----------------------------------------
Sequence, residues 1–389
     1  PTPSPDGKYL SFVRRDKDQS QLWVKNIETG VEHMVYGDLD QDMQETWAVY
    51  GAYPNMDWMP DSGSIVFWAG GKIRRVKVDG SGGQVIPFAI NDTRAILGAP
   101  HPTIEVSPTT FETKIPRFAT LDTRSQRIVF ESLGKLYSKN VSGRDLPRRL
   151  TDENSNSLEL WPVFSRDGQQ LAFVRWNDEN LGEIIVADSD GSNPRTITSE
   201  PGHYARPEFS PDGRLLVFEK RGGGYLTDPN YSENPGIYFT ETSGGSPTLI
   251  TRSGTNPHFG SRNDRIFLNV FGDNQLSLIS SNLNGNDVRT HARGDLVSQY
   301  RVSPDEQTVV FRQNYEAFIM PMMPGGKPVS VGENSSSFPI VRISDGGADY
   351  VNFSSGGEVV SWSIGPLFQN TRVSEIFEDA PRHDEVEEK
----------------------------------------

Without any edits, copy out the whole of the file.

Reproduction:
Sequence, residues 1–389
     1  PTPSPDGKYL SFVRRDKDQS QLWVKNIETG VEHMVYGDLD QDMQETWAVY
    51  GAYPNMDWMP DSGSIVFWAG GKIRRVKVDG SGGQVIPFAI NDTRAILGAP
   101  HPTIEVSPTT FETKIPRFAT LDTRSQRIVF ESLGKLYSKN VSGRDLPRRL
   151  TDENSNSLEL WPVFSRDGQQ LAFVRWNDEN LGEIIVADSD GSNPRTITSE
   201  PGHYARPEFS PDGRLLVFEK RGGGYLTDPN YSENPGIYFT ETSGGSPTLI
   251  TRSGTNPHFG SRNDRIFLNV FGDNQLSLIS SNLNGNDVRT HARGDLVSQY
   301  RVSPDEQTVV FRQNYEAFIM PMMPGGKPVS VGENSSSFPI VRISDGGADY
   351  VNFSSGGEVV SWSIGPLFQN TRVSEIFEDA PRHDEVEEK